The name of the recipient of this letter was not released.

22 Iyar, 5711,
Brooklyn, N.Y.

Greetings and blessings,

In response to the pan1 you sent me: When I was at the gravesite of my revered father-in-law, the Rebbe זצוקללה"ה, נבג"ם, זי"ע, I mentioned you for a blessing for all your needs. Certainly, he will arouse blessings for you and your wife that you will be completely healthy and enjoy peace of mind and peace of body. This is particularly true since — as you write in your letter — you are in possession of a letter from my revered father-in-law, the Rebbe, who gives you his blessings for you to establish yourself in a desirable way of life.

In your letter, you write that you suffer from an ailment — which you do not specify — and that at any moment you are likely to suffer a serious heart attack, Heaven forbid. (In my opinion, this is not true and, after asking your forgiveness, [I must say that] you are exaggerating the situation greatly.) [You continue, saying that you feel] an iron barrier is separating [between you and G‑d], and that your prayers and the tzedakah that you [gave] has been [entirely] ineffective.

Certainly, you yourself understand that [your statements] are no more than imagination. Even if there were an iron barrier, we have been given a plain-spoken promise by our Sages2 that even an iron barrier cannot separate between Israel and her Father in heaven. Similarly, what you write — that your prayers and the tzedakah that you have given have not had an effect — [is unacceptable]. I saw a “small book” — one called the Tanach — which states that G‑d says (Malachi 3:10): “Test Me with this matter,” i.e., with the mitzvah of tzedakah. [One who fulfills it] is promised (ibid.): “I will pour out blessings for you ….” Similar concepts apply to prayer, as it is stated in numerous sources in our Sages’ teachings.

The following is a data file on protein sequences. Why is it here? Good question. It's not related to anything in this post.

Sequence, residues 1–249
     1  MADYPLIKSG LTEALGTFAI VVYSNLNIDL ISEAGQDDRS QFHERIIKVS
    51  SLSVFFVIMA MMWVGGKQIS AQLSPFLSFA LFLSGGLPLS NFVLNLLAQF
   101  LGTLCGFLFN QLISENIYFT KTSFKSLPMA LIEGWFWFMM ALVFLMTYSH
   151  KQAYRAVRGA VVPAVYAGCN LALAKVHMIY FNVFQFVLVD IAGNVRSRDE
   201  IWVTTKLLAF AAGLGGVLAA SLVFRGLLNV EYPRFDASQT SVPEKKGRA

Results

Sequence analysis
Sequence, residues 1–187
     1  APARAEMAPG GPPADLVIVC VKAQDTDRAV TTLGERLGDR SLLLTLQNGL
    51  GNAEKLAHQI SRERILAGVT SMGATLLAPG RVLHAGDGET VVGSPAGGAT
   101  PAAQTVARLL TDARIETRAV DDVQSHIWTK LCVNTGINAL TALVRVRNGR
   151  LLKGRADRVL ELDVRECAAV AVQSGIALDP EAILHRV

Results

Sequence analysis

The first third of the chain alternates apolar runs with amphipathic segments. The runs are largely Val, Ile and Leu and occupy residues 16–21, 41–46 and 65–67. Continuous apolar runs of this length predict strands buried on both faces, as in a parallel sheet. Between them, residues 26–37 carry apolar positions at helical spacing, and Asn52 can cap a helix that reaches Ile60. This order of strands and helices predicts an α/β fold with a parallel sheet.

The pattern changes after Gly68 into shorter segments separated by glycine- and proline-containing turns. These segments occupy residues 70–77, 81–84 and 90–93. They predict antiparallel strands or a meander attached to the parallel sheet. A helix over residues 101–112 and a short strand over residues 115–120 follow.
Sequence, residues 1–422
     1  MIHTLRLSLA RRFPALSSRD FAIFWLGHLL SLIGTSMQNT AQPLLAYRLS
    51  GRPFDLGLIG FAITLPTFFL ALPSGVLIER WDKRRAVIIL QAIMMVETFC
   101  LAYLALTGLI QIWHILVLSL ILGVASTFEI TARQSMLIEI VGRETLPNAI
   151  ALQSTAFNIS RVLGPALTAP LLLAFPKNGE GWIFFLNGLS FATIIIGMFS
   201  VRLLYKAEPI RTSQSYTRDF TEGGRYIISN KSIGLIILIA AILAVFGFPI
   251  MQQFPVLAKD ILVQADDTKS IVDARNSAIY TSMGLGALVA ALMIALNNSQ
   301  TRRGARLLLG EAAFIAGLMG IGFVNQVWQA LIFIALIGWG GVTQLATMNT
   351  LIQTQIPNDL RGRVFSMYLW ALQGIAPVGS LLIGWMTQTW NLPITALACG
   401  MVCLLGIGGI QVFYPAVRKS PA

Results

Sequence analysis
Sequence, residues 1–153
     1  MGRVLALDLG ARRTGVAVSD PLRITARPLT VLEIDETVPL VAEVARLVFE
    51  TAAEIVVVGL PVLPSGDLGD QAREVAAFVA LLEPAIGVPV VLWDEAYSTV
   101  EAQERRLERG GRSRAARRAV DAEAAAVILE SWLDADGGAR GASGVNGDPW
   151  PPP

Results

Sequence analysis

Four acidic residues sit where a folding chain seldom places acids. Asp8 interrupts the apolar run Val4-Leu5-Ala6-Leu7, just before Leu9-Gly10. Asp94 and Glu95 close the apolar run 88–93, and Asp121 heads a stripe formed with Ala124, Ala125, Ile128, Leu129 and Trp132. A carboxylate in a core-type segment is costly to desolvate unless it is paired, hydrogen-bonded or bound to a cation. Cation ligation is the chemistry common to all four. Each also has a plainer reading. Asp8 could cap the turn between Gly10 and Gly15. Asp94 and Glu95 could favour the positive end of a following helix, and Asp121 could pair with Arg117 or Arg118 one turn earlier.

The fundamental concept is, as explained in the texts of Chassidus, that this is one of the counsels of the yetzer hara: to cause a person to fall into sadness. One must be careful not to fall into sadness even over spiritual matters. When sadness comes from other concerns, there is nothing worse than that!

You should strengthen and reinforce your trust in the principles in which the entire Jewish people — even the least worthy — believe: that the Holy One, blessed be He, is not merely the Creator of the world. He is the One Who controls it every day, every moment, and every hour. This applies not only to the world at large, but also to all the elements of the world in microcosm, [which is] man. The Holy One, blessed be He, Who is the ultimate of good, will certainly eventually show how everything is for the good, for readily apparent good, in a manner that can be appreciated even by mortal eyes. [For this to be appreciated,] however, one must strengthen his bond with the living G‑d by establishing fixed times for the study of the Torah of Life, through the service of prayer which is an act of kindness to one’s soul,3 and through strengthening the observance of the mitzvos which in general are identified with tzedakah — [as it is written]:4 Sincere tzedakah [brings] life.

I hope that in the near future, you will notify me of the improvement in your situation in a material sense and the improvement of your situation in a spiritual sense, i.e., that all thoughts of a barrier of separation have been nullified and that you will devote effort and strengthen yourself in the observance of G‑d’s command:5 “Serve G‑d with happiness.”

Enclosed is the sichah from Lag BaOmer;6 contemplate it in depth.

Awaiting good tidings,